Despite having presided over one of the bleakest chapters in the history of any Olympic sport, there remains a chance that the Irishman may thwart Brian Cookson, his only rival for the job. The election will take place at the UCI congress in Florence, on September 27, during the UCI Road World Championships.
I hope McQuaid's power-crazed attempt to cling to office fails, otherwise he will become the sporting equivalent of Robert Mugabe.
It was less a change of personnel when McQuaid succeeded Hein Verbruggen in 2005, more a seemless transfer of administration and ethos. He is Verbruggen's man and their joint regime has been characterised by weak governance, lack of transparency, and pathetic leadership. Not to mention allegations of corruption and the darkest doping chapter in the sport's history.
Verbruggen, a Dutch Olympic delegate, is famed for having said: "Lance Armstrong has never used doping. Never, never, never. I say this not because I am a friend of his . . . I say it because I'm sure." McQuaid called two riders who tried to out the cheating Texan: "scumbags".
An overdue change is offered by the candidacy of Brian Cookson, president of the British Cycling Federation since 1996. During that time Britain has won 19 Olympic gold medals, 28 Paralympic medals, and two Tour de France victories.
Cookson, who has an OBE for services to cycling, is 61. He was a UCI international commissaire for 23 years, until 2009, and is on the UCI management board. He could have been forgiven for riding off into the sunset for a quiet life, but that is not his way. If successful, he promises: "a fully independent investigation into the allegations of corruption . . . which have so damaged the UCI's reputation." We look forward to that. Illumination is overdue.
McQuaid looks increasingly desperate. Irish cycling withdrew their support for his candidacy. He claims his countrymen no longer know him because he is now resident in Switzerland near the UCI headquarters at Aigle. When Ireland binned him, he joined the Swiss federation, and within 24 hours had their nomination. But the Swiss soon withdrew their support. No matter. Embracing the morality of a banana-republic dictator, he believes he can change the UCI constitution retroactively. The Thai and Moroccan federations have supported him, even though nominations had closed almost a month earlier. This is sure to trigger litigation.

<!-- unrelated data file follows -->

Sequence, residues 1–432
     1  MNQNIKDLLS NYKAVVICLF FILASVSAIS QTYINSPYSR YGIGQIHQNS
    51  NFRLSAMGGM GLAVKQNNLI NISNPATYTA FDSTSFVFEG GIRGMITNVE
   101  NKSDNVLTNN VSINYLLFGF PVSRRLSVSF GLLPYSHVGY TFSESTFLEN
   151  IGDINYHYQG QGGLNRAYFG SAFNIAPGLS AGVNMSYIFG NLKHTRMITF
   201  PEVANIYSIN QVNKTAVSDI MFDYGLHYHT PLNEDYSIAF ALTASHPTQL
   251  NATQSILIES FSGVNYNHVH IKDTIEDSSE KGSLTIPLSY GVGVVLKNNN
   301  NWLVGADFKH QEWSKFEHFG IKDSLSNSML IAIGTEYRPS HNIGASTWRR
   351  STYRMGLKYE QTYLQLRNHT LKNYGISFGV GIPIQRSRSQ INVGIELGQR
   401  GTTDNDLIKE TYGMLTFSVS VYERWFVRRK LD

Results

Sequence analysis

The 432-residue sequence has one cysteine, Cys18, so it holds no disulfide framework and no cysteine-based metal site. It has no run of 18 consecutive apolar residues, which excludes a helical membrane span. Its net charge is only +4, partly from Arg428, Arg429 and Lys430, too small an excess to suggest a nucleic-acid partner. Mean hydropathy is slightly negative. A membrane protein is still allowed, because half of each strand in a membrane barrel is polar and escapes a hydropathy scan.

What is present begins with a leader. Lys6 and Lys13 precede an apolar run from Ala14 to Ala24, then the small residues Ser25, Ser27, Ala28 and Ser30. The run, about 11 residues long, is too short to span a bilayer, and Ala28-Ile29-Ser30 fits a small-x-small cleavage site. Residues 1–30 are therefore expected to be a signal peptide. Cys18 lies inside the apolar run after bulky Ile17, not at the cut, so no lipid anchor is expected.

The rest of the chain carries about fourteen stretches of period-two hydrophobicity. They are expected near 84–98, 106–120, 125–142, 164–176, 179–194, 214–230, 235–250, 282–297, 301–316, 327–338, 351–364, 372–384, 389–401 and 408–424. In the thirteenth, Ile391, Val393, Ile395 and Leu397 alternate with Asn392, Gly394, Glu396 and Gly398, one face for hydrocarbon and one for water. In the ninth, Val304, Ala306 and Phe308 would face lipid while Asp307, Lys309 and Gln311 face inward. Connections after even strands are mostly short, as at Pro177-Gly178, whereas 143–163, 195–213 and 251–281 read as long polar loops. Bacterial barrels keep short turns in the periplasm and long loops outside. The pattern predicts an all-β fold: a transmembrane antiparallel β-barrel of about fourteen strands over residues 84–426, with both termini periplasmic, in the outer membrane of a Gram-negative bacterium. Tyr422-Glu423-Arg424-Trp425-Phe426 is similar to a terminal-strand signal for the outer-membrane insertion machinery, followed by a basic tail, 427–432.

"British Cycling, along with a lot of other federations, have raised written concerns to the UCI about what's been happening," Cookson told Herald Sport last night. "Ours wasn't primarily about his nominations, it was about due process and the fact that without discussing anything at board level, UCI staff took it upon themselves to generate a retrospective rule change that could only benefit Mr McQuaid.
"Our worry is much broader than his nominations; it's about ensuring that there is a fair election that follows the rules. The leadership sets the tone for the entire sport and this latest series of twists, turns, and manipulation is just the latest symptom of the dysfunctional way in which the UCI has settled into conducting its business."
McQuaid is a master of poking spokes in wheels. The election machinery is complex and as opaque as his tenure in office. There are 42 delegates who can vote, assembled by continent, but the identities of many of them, especially those from Africa and Asia, remain unknown. McQuaid has focused on growing the sport there. If he commands Asia and Africa, he needs just six votes from Oceania, Europe and Pan-America.
There are allegations - never adequately refuted - that the new Swiss HQ was funded with a backhander from Japan, for including the keirin in the Olympic programme. Nor has there ever been an acceptable explanation for a $100,000 "donation" to the UCI from Armstrong.
McQuaid counters that his rival, "may be a pawn in a larger game" orchestrated by Igor Makarov, the billionaire president of the Russian Cycling Federation and owner of the Katusha road team. And attempting to deflect criticism, McQuaid says that since he took over in 2005, the UCI anti-doping budget has risen from $1.75m to $7.5m; and that the introduction of biological passports have made the peloton cleaner - that "it is now possible to race and win clean".
He will point to the fact that during his presidency Armstrong has been outed. Yet he has done nothing since. His failure to investigate the US Anti-doping Agency report on Armstrong prompted the following yesterday from Cookson: "The pace of decisions being made is one of the reasons which persuaded me to stand for the presidency - change just isn't happening quickly enough.
"I'm sure people will be asking who Pat is protecting, but in the meantime the UCI did manage to blow 2.5million Swiss francs on an independent commission which never met."
Cookson wants "everything out into the open, so that the sport can understand its mistakes, learn, and restore its credibility". So do we, but it won't happen on McQuaid's watch.